TrackTown, USA: Hello from Eugene, Oregon! Dave and I hopped in the Tahoe (because my old Honda is making a horrid whirring noise) this afternoon and pointed it south on I-5 to Eugene so we could attend the Prefontaine Classic track meet (known simply as “The Pre”) tomorrow, the “Pre-Pre” tonight and a fun new gathering dubbed the “Pre-Pre-Pre”.
This weekend marks the 40th anniversary of the death of legendary American distance runner, Steve Prefontaine. “Pre” was a native Oregonian (Coos Bay) and ran for the University of Oregon. Dave was Pre’s teammate and our friend. Steve Prefontaine was killed in a single-car accident while only 24 years old. His death shocked the community, but Prefontaine is revered to this day. After his death, a track meet was named in his honor and has grown from a well-attended meet to an official IAAF Diamond League extravaganza shown live on NBC.
I know this all sounds very sad, and it is… but for a man who only lived 24 years, his image is now larger than life. He is an icon to thousands of runners (especially high school boys) and the legend seems only to grow stronger and Pre lives forever in the hearts and minds of his fans.
Since 2015 marked the 40th Anniversary of Prefontaine’s death, Pre’s college roommate (our friend, Steve) decided his old teammates and friends should gather at the tavern in Eugene where Pre once worked to reminisce and tell tall tales.
The Pad was famous, at the time, for three things: 1) Pre tended bar a few nights per week. And by “bar”, I mean “beer”. 2) Another employee, the elderly Bea, made great burgers. Forty years later, the burgers are still called “B” burgers in her honor. 3) Back in the day, Tuesday was ten-cent hotdog night and a pint of a beer was 25 cents. Poor starving runners were often seen at The Pad on Tuesday night enjoying a healthy low-cost training table. The tavern has quite changed since the 1970s. Once a dark and really dingy room, The Pad now has skylights to bring-in light, a full menu and a full-bar. Friday night is Prime Rib Night! Somewhere… Bea is shaking her head.
Steve welcomes Pre’s old (most are now over 60) teammates and friends and encouraged them to speak. A few beers (now costing quite a bit more than a quarter) helped to set the mood.
My Driver chats with Pre’s friend (and the first-ever NIKE employee) Jeff Johnson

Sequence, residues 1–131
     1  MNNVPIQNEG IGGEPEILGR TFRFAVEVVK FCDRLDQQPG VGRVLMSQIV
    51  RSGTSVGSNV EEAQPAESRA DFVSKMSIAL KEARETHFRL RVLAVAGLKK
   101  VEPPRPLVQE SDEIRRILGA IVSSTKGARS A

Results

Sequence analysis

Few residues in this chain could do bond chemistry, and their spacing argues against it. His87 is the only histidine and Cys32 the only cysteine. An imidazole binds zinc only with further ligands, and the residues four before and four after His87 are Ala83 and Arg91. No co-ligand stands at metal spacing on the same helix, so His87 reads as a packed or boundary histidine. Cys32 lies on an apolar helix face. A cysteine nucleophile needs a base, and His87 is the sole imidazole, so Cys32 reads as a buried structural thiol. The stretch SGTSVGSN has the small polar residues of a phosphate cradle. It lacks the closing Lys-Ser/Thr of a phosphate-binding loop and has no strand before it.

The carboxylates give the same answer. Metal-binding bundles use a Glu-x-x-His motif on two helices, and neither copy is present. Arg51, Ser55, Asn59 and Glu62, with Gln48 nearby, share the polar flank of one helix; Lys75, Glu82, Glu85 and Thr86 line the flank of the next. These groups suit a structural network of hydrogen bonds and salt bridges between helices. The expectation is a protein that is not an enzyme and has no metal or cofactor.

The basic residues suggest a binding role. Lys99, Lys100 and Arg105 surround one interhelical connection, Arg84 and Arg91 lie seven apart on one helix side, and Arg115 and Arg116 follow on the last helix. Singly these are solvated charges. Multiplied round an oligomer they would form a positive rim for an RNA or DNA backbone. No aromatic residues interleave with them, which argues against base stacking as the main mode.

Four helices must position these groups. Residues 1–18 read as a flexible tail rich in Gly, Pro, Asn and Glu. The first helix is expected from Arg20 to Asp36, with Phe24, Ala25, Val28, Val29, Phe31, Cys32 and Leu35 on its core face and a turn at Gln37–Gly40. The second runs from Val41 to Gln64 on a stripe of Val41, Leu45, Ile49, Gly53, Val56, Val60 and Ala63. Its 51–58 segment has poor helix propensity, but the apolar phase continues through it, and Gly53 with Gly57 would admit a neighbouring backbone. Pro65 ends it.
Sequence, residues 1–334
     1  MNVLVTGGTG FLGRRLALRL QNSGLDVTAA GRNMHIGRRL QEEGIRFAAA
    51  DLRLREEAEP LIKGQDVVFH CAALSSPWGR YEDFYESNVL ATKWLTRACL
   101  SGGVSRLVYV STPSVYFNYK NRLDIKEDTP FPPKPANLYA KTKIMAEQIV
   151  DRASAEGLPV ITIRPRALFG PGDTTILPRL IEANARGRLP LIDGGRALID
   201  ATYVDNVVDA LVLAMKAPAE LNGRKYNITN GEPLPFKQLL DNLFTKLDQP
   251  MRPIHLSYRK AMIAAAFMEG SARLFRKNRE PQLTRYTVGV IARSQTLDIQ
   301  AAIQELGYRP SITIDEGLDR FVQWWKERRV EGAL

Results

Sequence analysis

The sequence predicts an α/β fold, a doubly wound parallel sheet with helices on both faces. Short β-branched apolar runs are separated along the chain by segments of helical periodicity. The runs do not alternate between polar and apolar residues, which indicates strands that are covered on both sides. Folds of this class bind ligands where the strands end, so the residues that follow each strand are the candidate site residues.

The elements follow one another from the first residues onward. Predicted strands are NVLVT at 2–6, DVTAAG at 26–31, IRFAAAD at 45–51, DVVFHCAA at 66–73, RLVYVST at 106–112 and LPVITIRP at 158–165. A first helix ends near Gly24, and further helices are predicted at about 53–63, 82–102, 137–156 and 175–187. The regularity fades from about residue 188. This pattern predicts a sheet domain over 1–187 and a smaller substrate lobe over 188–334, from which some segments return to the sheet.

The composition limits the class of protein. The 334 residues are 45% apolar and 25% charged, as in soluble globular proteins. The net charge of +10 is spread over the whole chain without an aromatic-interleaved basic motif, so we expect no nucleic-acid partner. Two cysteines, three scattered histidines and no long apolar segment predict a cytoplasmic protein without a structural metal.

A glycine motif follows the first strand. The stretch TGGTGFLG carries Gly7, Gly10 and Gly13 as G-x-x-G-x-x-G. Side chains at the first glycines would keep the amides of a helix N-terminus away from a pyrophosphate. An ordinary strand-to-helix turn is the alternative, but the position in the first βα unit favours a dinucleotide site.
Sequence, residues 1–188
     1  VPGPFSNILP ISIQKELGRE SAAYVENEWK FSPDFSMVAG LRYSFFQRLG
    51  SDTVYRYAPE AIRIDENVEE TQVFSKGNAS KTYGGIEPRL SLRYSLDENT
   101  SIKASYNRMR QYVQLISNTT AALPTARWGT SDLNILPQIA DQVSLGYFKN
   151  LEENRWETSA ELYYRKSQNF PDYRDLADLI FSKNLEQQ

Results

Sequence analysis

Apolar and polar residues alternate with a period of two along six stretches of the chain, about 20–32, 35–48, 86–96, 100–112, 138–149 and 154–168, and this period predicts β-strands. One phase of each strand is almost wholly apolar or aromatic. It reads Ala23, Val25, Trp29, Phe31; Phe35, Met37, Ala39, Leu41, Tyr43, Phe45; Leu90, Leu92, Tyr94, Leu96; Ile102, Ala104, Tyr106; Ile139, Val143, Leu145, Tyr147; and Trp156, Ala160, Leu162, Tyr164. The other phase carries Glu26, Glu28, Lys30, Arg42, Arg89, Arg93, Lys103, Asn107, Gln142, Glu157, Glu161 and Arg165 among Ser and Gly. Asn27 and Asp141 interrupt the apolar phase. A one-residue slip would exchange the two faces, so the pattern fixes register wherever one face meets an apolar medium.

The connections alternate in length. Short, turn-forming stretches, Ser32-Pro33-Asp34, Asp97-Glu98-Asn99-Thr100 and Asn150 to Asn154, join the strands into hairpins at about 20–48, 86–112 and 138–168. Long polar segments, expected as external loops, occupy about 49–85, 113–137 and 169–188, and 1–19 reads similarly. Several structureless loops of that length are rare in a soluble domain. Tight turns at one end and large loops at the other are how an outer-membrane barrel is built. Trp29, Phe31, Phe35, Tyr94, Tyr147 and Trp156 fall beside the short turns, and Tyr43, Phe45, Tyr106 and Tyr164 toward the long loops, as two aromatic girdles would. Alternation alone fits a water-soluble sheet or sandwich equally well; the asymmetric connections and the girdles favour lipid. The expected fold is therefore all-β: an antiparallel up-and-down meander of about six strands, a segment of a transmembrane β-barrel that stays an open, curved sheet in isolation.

Everyone has a tale or two to tell about Steve Prefontaine
Dave and I split a B Burger. I mean, we had to order one, right?
Thank you, Steve, for arranging this fun afternoon. Maybe the Pre-Pre-Pre should be an annual event?
PS: I apologize to patrons who had simply stopped-by The Pad for a cold beer after work Friday. This reunion took-over the joint.
After the Pre-Pre-Pre, we went to the track to watch the Pre-Pre races. The idea of holding a few races the night before the Prefontaine Classic started in 2011 when – for some reason – Kenyan Moses Mosop (or his agent) decided it would be a good idea to set a new world record for 30000m on the track. 30000m is about 19 miles and requires 75 laps around the track. But who’s counting?
Moses Mosop became the new world record holder that evening in 2011 (one hour, 26+minutes) and a new tradition began – a fun race or two the night before the Prefontaine Classic. The event would be free and open to the public. The Pre-Pre was born!
During the Pre-Pre meet in 2012, Kenya held their men’s 10000m Olympic trial race to determine which racers Kenya would send to the London games. Why not? 9000 people showed up to watch. In 2013, the organizers showcased an “American Only” men’s 1500m. The meet in 2014 featured Duck Galen Rupp setting a new American record in the 10000m and Maggie Vessey wearing a scandalous kit.
Over ten thousand fans filled Historic Hayward Field this evening to watch a handful of races. The best high school 200m and mile runners in the country were flown-in to face each other for the very first time. They were given new uniforms, racing spikes and treated like royalty. We are pretty-sure every single one of them win every race they enter – until tonight. Tonight they were racing against the best in the country, not the best in their school district or state.
It was all nerves and seriousness (and ink) for the boy’s 200m
Also, the best high school milers gathered in Eugene to race tonight, along with a professional women’s 800m and long jump, and men’s 5000m and 10000m runs.
Early in the 5000m
Duck-alum Galen Rupp finished third in the 5000m behind a 17-year-old (ouch!) Ethiopian, Yomif Kejelcha (13:10.54) and Edwin Cheruiyot Soi (Kenya), in 13:11.97.
England’s Mo Farah, 5000m & 10000m Olympic and world champion, won the 10000m in 26 minutes, 50.97 seconds. Mo was unhappy with his time and complained about the pacesetters. A bit odd to me. Farah is not a weenie. His time was the fourth-fastest ever at Hayward Field. Canadian Cam Levin set a new national record, 27:07.51, for our neighbors to the north.
NOTE: I am not a sports writer. I am just a track fan with a camera and a blog.
NEXT UP? Look for my report from the Prefontaine Classic soon.
Until my next update, I remain, your “what a night” correspondent.